The future belongs to wearable technology: doodleblue’s Atishe Chordia

Chordia talks in an interview about his experience with Google Glass, and his thoughts on the future of the augmented reality device


doodleblue chief executive officer Atishe Chordia . Photo: Sharp Image
doodleblue chief executive officer Atishe Chordia . Photo: Sharp Image

Online search engine company Google Inc. has made its wearable computer, the Google Glass, available to 10,000 early adopters called “explorers”, who are working on apps to popularize this work-in-progress-device. The apps being developed include those that aid firefighters locate the nearest exit, doctors broadcast their surgeries, and drivers translate road signs on-the-move. One such “explorer” is Chennai-based doodleblue Innovations Pvt. Ltd, a mobile app design and development firm that is working on developing apps for Google Glass, which is expected to be released this year.

In an interview, doodleblue chief executive officer Atishe Chordia spoke about his experience with Google Glass, and his thoughts on the future of the augmented reality device. Edited excerpts:

Why did you want to develop apps for Google Glass?

Eight years ago, there was no iPhone or an Android (Google’s operating system for mobiles) device. Right now an industry has been launched out of developing apps for the iPhone and Android. Technology grows at an exponential curve, so it was imperative that we stay ahead, and Glass provided one such path. The future belongs to wearable technology.

We are also experimenting with other wearable technologies like the gesture control armband from Thalmic Labs, a Canadian start-up.

What kinds of apps are you working on?

We are developing a facial recognition software, which would take about eight months to get ready after which we will create a software development kit (an application programming interface, or API) to integrate it with Google Glass. It will prove useful for security purposes. We are also working on pattern recognition, which can be used in manufacturing facilities where you can spec out all the information. Additionally, we are also working on navigation, where we are trying to personalize Google Maps. For instance, the app will offer alternatives on the same route to a coffee shop you may be heading to and help pull price comparisons between them. Basically, try to customize the whole navigation experience.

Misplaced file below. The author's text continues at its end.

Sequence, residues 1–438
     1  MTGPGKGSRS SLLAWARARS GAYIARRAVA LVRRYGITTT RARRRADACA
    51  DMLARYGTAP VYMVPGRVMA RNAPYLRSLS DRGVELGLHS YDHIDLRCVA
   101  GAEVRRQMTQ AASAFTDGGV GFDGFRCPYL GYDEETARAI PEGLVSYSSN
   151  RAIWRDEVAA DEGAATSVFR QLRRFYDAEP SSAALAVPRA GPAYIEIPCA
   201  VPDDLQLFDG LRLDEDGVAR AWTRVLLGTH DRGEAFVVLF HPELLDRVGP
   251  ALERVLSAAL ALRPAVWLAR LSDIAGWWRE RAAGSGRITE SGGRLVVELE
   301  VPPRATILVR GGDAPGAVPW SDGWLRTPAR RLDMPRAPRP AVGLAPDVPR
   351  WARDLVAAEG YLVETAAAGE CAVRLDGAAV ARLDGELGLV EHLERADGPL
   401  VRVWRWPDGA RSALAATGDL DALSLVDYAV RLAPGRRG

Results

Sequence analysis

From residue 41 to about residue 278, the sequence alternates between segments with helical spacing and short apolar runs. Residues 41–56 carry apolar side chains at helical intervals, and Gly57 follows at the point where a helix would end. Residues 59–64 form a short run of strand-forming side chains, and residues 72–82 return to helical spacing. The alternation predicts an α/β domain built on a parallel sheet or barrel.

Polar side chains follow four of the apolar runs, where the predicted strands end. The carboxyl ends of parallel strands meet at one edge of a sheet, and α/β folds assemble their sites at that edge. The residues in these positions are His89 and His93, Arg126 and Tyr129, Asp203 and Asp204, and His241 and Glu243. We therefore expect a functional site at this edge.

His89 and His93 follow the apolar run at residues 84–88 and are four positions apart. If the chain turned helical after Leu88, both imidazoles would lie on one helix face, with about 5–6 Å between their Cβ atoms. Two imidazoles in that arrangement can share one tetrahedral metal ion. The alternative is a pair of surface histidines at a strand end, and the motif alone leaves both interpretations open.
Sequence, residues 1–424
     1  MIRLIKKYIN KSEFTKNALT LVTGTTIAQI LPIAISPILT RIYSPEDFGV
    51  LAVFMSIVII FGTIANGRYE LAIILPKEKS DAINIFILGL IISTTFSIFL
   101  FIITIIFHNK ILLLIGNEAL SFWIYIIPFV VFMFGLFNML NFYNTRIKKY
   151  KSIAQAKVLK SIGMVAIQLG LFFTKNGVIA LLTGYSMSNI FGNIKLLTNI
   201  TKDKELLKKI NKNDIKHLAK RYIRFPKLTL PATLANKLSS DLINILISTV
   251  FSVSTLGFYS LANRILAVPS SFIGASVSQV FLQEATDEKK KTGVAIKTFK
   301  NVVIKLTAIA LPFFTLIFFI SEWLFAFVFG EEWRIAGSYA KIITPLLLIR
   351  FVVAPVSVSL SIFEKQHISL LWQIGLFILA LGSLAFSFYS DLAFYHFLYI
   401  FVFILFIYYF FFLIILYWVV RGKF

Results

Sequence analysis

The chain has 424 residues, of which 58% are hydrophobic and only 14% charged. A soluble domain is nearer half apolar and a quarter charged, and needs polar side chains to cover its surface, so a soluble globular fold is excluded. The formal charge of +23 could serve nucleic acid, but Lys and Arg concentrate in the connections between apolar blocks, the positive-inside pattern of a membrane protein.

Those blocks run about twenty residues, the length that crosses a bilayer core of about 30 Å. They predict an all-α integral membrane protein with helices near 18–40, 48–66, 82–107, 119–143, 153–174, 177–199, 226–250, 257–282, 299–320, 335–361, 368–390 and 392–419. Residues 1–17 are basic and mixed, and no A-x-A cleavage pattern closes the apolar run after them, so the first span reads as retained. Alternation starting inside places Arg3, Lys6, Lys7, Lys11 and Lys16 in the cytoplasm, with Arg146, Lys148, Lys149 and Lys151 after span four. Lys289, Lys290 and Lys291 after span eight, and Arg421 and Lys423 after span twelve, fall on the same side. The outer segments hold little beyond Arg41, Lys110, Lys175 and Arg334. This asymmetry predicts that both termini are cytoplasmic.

What’s your target audience?

The apps that are being created now among the explorers are directed towards the masses as they want to cash in and make money. Once they can establish their success, it will be easier to take it to commercial use.

How has the experience been so far?

It is not too different from creating apps for a mobile or tablet as it is ultimately software on hardware. But it is noticeably the next jump in technology. The experience is more immediate. However, there is a lot of improvement the product (Google Glass) needs. It is not there yet, and the masses will not purchase it and Google is aware of this. They have got feedback from developers like us and are working towards making it a better experience. It has a coolness factor, but it is not a great product now as it is not user-friendly. That has been the consensus among the developers.

What needs to be done to make Google Glass user-friendly?

Even before talking about software development, the hardware itself needs to be worked upon in terms of building a better RAM (random access memory) and memory system that can support quality software. It is still in a primitive stage. Also, integration is still not smooth. Google Glass talks to Google Plus for social connectivity. But it is still not integrated to other networks like Facebook. It is still Google exclusive.

What would it take for Google Glass to become a mainstream hit?

Assuming their hardware is good enough, it will need great software, which means you need good apps. That’s the way the iPhone and iPad were promoted. Utility apps like navigation will be the right fit for Glass. I don’t think apps like Facebook will work here, because the Glass is a tiny device.

Currently, app developers cannot charge a fee or monetize the app, so how do you hope to monetize?

True, but that is just for now. Advertising is the way Google will monetize on this. In a year from now, we will be at a commercial level with Glass. Right now, for us, it is part of our internal product development, it is a high risk-high reward scenario.

What is the advantage of being a part of the explorers programme?

They have made the developers’ job easy in terms of standardizing the user interface and aesthetics like fonts. You just have to focus on creating a useful app.

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